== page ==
|Halloween - Resurrection|
|Written by Abbie Bernstein|
|Tuesday, 10 December 2002|
While this may come as news to people who hate slasher films on principle, all knife-wielding boogeyman movies are not created equal. As in any genre, there are great ones, terrible ones, and ones that fall somewhere in between. “Halloween: Resurrection” isn’t exactly terrible – it’s too proficient for that – but this eighth installment in the “Halloween” series is neither good nor original. To be specific, it doesn’t look good compared to its immediate predecessor, “Halloween H2O.”
Following a prologue that illustrates how the implacable silent masked killer Michael Myers can still be walking around after being apparently decapitated by his sister Laurie (Jamie Lee Curtis) last time around, the storyline zooms in on DangerTainment, an enterprise concocted by Freddie (Busta Rhymes) and Nora (Tyra Banks). The duo are setting up a pay-per-view Internet webcast featuring six college student recruits from Michael’s home town of Haddonfield. The idea is to equip each of the volunteers with their own digital video feed and have them spend Halloween night in the house where Michael was born, raised and committed his first murder. Freddie and Nora have rigged the place to provide all sorts of little surprises for their guests to keep it entertaining, without realizing that the real Michael is still around to crash the party.
“Halloween: Resurrection” does have a lot of potent horror movie atmosphere, courtesy of Rick Rosenthal (who also directed “Halloween 2” way back when) and his production team, which get the creepy old house look down to a scabrous fare-thee-well. Even so, to a large extent, the action doesn’t work. The script by Larry Brand and Sean Hood, based on Brand’s story from characters created by original “Halloween” producer Deborah Hill and director John Carpenter, is populated by generic characters with generic goals. Worse, many of the jump scares aren’t as startling as they ought to be, which all adds up to a movie that’s generically watchable but almost entirely unmemorable. Rhymes does invest the proceedings with a bit of flair and charm as the tireless showman on the job, but even his lively performance can’t make the premise jell. The filmmakers seem to want to say something about the nature of seeking quick fame, but they never make it seem organically frightening and/or tie it in effectively with anything unique to the “Halloween” mythology.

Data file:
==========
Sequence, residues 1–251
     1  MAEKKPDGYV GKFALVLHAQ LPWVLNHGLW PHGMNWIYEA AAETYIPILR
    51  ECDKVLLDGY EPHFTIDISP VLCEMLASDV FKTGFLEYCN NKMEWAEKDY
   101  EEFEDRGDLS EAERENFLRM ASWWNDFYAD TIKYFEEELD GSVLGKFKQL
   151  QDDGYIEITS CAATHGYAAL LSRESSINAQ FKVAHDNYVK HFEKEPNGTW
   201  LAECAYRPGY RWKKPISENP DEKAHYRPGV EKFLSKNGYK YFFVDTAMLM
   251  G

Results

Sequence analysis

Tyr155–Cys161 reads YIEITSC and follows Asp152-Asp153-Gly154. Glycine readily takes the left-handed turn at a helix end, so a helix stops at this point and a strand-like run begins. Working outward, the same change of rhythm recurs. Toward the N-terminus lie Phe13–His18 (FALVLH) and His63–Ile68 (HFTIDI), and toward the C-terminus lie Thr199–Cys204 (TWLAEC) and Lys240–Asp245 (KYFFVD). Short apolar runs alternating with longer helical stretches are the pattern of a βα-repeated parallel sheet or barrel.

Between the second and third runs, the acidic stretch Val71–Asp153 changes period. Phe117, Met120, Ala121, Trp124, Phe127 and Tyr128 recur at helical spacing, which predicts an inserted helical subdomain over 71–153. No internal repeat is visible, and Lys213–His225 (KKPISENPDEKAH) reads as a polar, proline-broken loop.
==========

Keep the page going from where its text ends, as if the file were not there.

The 5.1 sound mix is good if low on discrete effects – in Chapter 8, when Michael bursts through a two-way mirror to grab a victim, the glass shattering is realistic but located primarily in the center and mains. The swish/zing sounds made by slashing knives – humorously pointed out on the audio commentary track – come across respectably every time and a lot of care has been put into making the very loud screams count. The sonic highlight, as might be expected, is Carpenter’s uber-recognizable “Halloween” theme, still one of the best musical horror movie riffs ever.
“Halloween: Resurrection” is unquestionably a film that benefits from DVD, because the supplements go a long way to explaining what the filmmakers aimed to achieve. Of course, a good movie would speak for itself, but the extras here at least allow us to appreciate the effort.
The two-channel audio commentary by director Rosenthal and editor Robert A. Ferretti demonstrates a reasonable concern with details and has a lot to say about “Halloween: Resurrection”’s most interesting aspect – all the different video feeds that provide differing perspectives on the action along with the 35mm footage.
In fact, the video feeds surface as their own 40-minute special feature, dubbed “WebCam Special,” which amounts to virtually an alternate cut of the film, utilizing footage shot by cast members toting their digital video cameras around during scenes while in character. The video quality on the digital footage ranges from clean to very grainy, with two-channel sound that goes from very crisp to very faint. A decision to give the footage a full score is a mistake, undercutting the unpredictable creepiness that shows up more distinctly here than in the regular feature. This comes with an optional commentary track from Rosenthal.
Other features include a “head cam” featurette, which features much discussion of shooting the video feeds, and a making-of featurette heavily slanted toward actress Curtis, who has some articulate (if debatable) observations about Laurie’s role this time out. The featurette also includes some non-blooper but nonetheless amusing footage of the stunt team relaxing on set between takes.
Carpenter’s ideas behind “Halloween” – both narrative and musical – still stand up to the test of time. “Halloween: Resurrection” doesn’t wreck either, but neither does it make best use of them.